An Apple AirTag Foils Yet Another Baggage Heist

One of the stolen bags reportedly contained $15,000 worth of jewelry, which is a totally normal amount of jewelry to have in your checked bag.

Aluminum suitcase on a baggage carousel
Dimitri Karastelev/Unsplash

Another baggage thief bites the dust thanks to Apple. Or, more specifically, to the Apple AirTag.

On Saturday, the Okaloosa County Sheriff’s Office in Florida announced  that it had arrested 19-year-old Giovanni De Luca — an airline subcontractor at Destin-Fort Walton Beach Airport — for allegedly stealing suitcases, one of which is said to have contained more than $15,000 worth of jewelry. And he may have gotten away with it, had one of the suitcase owners, who reported the bag missing in July, not had also stashed an AirTag inside (that bag reportedly held a normal $1,600 worth of items).

The AirTag eventually lead authorities to the area of Kathy Court in Mary Esther, Florida, according to The Washington Post, and eventually to De Luca. Despite his best efforts to be rid of the AirTag (Apple actually allows anyone who finds one to disable it and stop it from sharing its location with its owner), the items that were reported missing were ultimately recovered.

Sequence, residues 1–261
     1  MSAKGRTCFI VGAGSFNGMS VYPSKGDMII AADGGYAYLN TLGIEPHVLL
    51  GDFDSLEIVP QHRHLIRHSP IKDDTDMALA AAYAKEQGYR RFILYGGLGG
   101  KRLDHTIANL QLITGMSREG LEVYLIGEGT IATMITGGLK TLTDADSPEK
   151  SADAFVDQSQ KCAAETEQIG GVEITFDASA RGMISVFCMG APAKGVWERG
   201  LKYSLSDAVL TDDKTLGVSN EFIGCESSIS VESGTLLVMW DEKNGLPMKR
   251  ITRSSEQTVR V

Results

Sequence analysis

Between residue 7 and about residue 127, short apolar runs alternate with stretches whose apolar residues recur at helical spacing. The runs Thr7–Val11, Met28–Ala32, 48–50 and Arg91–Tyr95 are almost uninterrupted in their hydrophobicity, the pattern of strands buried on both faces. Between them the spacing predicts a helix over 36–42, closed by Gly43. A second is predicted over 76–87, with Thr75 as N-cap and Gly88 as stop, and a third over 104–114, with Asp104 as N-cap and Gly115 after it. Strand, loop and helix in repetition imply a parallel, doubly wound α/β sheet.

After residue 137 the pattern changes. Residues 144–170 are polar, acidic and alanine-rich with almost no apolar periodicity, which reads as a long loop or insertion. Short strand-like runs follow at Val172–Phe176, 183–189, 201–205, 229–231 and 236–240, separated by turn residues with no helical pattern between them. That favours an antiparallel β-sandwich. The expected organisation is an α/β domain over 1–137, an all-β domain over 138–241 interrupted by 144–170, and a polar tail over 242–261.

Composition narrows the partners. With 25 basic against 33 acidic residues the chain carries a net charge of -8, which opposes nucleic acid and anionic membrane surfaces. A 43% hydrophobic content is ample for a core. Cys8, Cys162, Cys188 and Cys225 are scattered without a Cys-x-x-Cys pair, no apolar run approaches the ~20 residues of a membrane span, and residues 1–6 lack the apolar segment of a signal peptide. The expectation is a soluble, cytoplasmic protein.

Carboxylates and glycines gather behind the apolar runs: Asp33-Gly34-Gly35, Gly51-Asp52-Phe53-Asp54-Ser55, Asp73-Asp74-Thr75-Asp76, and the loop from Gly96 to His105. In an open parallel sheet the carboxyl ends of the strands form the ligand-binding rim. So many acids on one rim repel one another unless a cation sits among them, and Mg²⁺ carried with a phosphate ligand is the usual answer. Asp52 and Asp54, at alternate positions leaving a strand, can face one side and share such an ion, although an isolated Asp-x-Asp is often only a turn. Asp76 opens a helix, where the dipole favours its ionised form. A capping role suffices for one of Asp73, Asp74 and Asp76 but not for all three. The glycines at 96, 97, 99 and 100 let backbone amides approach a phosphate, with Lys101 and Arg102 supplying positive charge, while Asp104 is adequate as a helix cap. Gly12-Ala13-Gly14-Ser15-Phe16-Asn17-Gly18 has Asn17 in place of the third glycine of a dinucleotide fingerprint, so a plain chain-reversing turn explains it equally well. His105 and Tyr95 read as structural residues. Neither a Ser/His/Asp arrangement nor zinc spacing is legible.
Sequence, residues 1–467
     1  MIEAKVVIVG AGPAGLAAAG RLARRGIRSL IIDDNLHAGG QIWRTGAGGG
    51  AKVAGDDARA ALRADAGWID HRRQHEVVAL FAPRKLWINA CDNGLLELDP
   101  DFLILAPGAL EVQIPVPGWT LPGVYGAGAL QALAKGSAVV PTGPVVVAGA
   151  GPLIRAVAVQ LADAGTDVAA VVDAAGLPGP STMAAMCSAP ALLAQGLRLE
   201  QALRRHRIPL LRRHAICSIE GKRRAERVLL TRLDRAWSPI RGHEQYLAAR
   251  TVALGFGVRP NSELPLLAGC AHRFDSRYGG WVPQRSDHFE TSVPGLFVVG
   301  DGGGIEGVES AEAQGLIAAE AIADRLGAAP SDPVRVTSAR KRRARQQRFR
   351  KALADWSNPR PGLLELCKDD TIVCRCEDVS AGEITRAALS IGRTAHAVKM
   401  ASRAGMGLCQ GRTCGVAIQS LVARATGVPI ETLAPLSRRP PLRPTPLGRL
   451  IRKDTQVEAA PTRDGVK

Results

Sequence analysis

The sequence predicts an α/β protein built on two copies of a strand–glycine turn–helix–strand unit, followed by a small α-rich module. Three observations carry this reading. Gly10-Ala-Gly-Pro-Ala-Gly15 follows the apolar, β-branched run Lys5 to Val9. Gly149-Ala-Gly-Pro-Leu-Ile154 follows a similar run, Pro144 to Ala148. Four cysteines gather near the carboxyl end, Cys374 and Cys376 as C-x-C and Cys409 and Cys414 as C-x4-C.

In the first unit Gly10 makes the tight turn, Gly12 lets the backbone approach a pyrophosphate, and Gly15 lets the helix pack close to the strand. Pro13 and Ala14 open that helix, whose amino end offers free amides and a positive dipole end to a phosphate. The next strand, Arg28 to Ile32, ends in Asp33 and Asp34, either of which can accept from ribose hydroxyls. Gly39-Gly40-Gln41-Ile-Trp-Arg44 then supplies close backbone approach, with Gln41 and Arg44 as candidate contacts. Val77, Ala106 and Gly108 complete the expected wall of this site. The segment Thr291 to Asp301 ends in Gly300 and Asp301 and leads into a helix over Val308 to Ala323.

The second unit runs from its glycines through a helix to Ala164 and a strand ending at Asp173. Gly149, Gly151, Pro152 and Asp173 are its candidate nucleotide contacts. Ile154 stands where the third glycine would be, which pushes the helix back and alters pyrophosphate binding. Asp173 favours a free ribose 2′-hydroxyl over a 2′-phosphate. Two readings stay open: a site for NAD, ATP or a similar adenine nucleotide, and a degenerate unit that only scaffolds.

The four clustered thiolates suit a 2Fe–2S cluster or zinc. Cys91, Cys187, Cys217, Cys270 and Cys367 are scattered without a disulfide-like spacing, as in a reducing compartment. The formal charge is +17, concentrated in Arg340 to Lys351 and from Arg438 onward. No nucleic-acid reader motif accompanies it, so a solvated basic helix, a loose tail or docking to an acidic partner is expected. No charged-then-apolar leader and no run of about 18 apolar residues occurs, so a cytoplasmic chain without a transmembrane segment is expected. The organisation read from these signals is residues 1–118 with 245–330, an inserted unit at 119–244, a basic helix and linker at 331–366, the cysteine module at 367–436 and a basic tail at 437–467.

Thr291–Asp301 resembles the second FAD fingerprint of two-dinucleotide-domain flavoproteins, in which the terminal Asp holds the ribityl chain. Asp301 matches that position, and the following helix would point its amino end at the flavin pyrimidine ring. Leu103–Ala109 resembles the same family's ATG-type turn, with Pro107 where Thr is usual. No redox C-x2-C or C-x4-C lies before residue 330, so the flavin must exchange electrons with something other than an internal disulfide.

For the uninitiated, Apple AirTags are Bluetooth tracking devices that can find far away items thanks to the help of the hundreds of millions of Apple devices in the Find My network. Although the devices are controversial — there have been several instances of stalking using AirTags reported since they were first launched in April 2021 — it’s not the first time they’ve been used to foil a stolen luggage scheme. (Read: if you don’t have an Apple AirTag to go in your suitcase, you need an Apple AirTag to go in your suitcase.)

That said, I’d be remiss not to ask this one question: Who the fuck checks a bag with $15,000 worth of jewelry in it? In this economy? According to data from the Air Travel Consumer Reports published by the Department of Transportation, more than 684,000 bags were mishandled in the first quarter of 2022 alone…and I’d venture to guess that the majority of those bags contained primarily clothes, and toiletries, and not $15,000 worth of jewelry.

Now, I know it’s not the point, and I am in no way condoning theft — De Luca’s actions were reprehensible, to be sure. But why tempt fate? Even if there wasn’t a teenaged pilferer awaiting you at your destination, who’s to say it might not have just gotten lost? Or damaged in transit? Maybe it’s because I don’t own $15,000 worth of jewelry to speak of but that certainly feels like a…choice.

All of this to say: get an Apple AirTag. And pack your $15,000 of jewelry in your carry-on ffs.


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